Our participant’s authority negotiation practices on Facebook align with both—the earlier work that argued that the cacophony of voices online is experienced as detrimental to the perceived expertise of the practitioners (Barker, 2005), and the work that has found that it may also help legitimize religious authority (Eisenlohr, 2017; Kluver & Cheong, 2007). The lens of affordances allowed us to detail the concurrent and entangled nature of these two seemingly contradictory processes. We found that while social media affords challenging any authority, it also triggers witches’ awareness of authority and leads to conscious authority-making practices. Facebook groups (via both intended and off-label use of features and functions) allow practitioners to exert loose control over the content and membership of the groups, accomplished by listing approved beliefs, setting rules for seekers and witches, keeping an eye on ongoing conversations and trends, and recruiting and promoting practitioners, while excluding those that are not deemed as appropriate. These practices create hierarchies, contribute to the routinization of authority in Weberian terms (1978), and put witches in the position to define and reinterpret neo-Paganism.

Facebook’s affordances also shape how elements of the neo-Pagan rituals themselves are transformed, excluded, or invented (Miczek, 2008). The temporal flexibility of Facebook permits witches to service several people at the same time—both by keeping multiple one-on-one sessions via Messenger and by performing newly invented mass rituals on Facebook walls—enabling the expansion of their client base. Some traditionally time-consuming practices (e.g., Tarot readings and runes) are truncated or simplified. Together, these transformations of temporality introduce unprecedented instant gratification and 24/7 advice and support into the neo-Pagan practices and rituals. The limited social cues of social media interaction have led to further major alterations in neo-Pagan practices. The exclusion of sound, scent, or touch notably transforms the traditional counseling process. As a result, physical healing is often replaced by psychological and lifestyle guidance. The affordance of social cue management expands and diversifies the ranks of both seekers and witches. Seekers who did not reach out for face-to-face counseling, do so now. Others are more likely to open up during the counseling session. Witches who chose not to see clients face-to-face because of practical reasons and privacy concerns can now practice without hassle.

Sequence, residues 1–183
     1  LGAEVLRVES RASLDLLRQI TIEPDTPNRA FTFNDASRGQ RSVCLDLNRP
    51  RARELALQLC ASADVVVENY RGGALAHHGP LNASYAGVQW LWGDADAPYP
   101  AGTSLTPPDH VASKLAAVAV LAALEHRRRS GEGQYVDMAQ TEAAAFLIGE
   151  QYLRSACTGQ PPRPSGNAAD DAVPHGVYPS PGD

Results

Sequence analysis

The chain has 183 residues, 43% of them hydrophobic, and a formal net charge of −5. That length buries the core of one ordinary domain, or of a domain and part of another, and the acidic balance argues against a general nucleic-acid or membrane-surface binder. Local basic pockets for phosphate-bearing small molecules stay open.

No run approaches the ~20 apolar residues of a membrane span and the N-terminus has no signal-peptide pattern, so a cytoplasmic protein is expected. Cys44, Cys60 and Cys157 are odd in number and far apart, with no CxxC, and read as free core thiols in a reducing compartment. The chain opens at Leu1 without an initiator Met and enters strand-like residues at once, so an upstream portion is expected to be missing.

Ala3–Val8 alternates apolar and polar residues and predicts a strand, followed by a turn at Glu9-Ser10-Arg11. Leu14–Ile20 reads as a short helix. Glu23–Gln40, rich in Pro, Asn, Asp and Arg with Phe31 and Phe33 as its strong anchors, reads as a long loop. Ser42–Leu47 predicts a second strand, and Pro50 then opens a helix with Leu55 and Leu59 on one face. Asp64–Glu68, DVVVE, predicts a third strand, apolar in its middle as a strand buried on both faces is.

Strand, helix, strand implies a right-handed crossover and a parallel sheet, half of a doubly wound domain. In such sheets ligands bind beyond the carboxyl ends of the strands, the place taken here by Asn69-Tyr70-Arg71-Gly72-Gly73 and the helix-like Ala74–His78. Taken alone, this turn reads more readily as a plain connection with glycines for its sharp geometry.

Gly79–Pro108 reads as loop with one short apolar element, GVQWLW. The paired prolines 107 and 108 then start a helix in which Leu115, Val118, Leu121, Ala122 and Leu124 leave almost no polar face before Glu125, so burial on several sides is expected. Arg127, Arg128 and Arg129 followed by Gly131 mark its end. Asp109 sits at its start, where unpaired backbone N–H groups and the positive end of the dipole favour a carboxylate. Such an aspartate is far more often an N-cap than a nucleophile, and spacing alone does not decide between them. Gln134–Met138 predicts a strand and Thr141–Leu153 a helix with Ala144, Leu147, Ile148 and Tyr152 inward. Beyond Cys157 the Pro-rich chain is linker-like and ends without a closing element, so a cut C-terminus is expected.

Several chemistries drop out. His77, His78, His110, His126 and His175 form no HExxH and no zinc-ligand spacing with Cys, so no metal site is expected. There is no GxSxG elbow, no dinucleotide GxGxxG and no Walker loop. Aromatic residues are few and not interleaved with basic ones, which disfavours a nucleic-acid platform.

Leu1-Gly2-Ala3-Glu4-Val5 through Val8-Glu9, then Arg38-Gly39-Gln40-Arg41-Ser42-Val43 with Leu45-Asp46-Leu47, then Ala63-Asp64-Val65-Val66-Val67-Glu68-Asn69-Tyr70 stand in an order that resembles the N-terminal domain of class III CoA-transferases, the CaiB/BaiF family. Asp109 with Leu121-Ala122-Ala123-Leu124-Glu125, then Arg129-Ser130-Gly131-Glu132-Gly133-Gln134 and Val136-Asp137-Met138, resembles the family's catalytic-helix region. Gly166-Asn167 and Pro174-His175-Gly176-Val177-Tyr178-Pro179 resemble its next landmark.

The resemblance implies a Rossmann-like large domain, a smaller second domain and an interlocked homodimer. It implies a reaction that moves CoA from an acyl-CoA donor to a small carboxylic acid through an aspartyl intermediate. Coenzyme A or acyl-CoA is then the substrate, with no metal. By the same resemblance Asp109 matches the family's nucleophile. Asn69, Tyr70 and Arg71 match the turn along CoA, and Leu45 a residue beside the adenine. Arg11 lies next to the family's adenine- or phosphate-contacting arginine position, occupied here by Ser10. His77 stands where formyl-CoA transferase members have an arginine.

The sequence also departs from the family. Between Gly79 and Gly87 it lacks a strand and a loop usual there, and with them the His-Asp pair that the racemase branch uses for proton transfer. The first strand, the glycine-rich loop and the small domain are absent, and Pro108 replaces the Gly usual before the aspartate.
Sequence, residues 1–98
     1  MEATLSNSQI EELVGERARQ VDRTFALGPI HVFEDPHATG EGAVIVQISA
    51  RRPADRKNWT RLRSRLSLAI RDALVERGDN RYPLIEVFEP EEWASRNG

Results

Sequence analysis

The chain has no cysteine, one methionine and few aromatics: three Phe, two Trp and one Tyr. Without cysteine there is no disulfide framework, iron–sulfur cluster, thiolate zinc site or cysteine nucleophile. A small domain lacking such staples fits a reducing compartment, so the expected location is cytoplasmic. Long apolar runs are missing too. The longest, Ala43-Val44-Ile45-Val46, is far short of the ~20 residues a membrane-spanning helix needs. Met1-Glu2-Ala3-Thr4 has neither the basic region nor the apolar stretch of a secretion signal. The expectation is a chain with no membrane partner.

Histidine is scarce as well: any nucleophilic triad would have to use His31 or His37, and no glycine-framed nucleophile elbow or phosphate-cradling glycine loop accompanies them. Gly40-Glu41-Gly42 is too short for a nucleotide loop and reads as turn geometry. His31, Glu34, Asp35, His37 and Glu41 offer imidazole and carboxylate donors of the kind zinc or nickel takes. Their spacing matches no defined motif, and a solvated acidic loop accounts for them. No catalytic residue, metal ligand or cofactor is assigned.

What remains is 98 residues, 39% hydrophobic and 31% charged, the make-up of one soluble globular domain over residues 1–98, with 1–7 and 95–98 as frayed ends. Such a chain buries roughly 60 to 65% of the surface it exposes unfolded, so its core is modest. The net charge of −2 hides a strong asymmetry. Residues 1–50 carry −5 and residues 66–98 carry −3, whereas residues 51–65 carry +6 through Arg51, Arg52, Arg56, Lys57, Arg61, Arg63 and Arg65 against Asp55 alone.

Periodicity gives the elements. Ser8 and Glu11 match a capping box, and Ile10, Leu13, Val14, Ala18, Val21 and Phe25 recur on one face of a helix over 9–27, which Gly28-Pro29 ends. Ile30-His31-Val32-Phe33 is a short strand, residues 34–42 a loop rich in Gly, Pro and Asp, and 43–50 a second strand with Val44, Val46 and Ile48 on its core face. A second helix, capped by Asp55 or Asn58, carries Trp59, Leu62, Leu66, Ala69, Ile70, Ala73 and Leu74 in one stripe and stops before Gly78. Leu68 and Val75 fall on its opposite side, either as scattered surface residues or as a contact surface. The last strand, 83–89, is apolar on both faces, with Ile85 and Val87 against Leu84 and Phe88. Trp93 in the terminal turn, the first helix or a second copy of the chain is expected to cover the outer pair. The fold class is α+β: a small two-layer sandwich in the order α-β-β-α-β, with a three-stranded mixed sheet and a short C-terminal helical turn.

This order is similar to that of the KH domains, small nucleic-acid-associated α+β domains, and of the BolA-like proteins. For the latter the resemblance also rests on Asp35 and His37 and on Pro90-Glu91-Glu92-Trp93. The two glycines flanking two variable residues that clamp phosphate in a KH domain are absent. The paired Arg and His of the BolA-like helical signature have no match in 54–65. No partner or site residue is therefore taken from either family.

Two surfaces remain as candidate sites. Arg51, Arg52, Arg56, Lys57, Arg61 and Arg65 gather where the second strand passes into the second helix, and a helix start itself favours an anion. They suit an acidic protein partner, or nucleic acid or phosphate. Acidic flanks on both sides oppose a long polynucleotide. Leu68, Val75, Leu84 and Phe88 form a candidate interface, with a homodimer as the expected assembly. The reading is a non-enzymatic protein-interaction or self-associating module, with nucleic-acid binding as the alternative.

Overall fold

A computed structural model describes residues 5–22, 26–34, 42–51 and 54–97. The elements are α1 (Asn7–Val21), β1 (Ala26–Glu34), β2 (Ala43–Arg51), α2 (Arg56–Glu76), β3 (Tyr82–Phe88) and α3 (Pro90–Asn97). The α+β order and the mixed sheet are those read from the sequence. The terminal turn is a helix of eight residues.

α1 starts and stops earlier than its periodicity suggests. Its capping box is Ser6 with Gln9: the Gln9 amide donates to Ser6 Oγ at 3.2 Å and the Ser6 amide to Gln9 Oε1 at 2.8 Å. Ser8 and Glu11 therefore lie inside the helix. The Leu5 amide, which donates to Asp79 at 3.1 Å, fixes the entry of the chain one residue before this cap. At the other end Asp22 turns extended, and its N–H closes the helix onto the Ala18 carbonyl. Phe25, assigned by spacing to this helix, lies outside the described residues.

This is a very small study and our ambition is not to generalize to a population of all neo-Pagan practitioners on social media or on Facebook. However, triangulating interview data with observational data and analysis of affordances, the expert status of the informants both in terms of the subject matter and their central roles as administrators and leaders of the groups suggest that it might be useful to consider the dynamics we observed when designing future studies of digital religion, neo-Paganism, belief-based communication, or counsel-seeking on social media. We think a focus on authority, dialogue, and ritual transfer could serve as a starting point to ask further questions about how different types of groups deal with content moderation and even misinformation.

The mediatization of neo-Paganism on Facebook is a negotiation between witches, seekers, and the technological affordances of the platform. Some witches, by virtue of effort and luck, but also by successfully taking advantage of Facebook’s affordances, gain authority to define what neo-Paganism is and how it should be practiced. What these witches put forward as neo-Paganism is not only shaped by their personal preferences, but also by constant input from seekers and Facebook’s algorithms, as well as by how well particular rituals translate to social media. Mediatized neo-Paganism, as manifest in the studied Facebook groups, is thus significantly shaped by social media and is in the process of constant negotiation—not static, but dynamic, and in flux.


We are deeply grateful to the informants for sharing their lives and experiences.

Declaration of Conflicting Interests
The author (s) declared no potential conflicts of interest with respect to the research, authorship, and/or publication of this article.

The author (s) received no financial support for the research, authorship, and/or publication of this article.

Berit Renser

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Author Biographies

Berit Renser (MA, University of Tallinn and University of Tartu) is a research assistant and a PhD student of Audiovisual Arts and Media Studies at the Baltic Film, Media, Arts and Communication School of the University of Tallinn, Estonia. Her current research interests include social media, belief systems, and health and wellbeing.

Katrin Tiidenberg, PhD, is an associate professor of Social Media and Visual Culture at the Baltic Film, Media, Arts and Communication School of Tallinn University, Estonia. She is the author of Selfies, why we love (and hate) them (2018), the forthcoming Sex and Social Media (2020, co-authored with Emily van der Nagel) and Metaphors of internet (2020, co-edited with Annette Markham). Tiidenberg is on the executive board of the Association of Internet Researcher and the Estonian Young Academy of Sciences. She is currently researching social media, participatory cultures, sexuality, and civic engagement. More info at: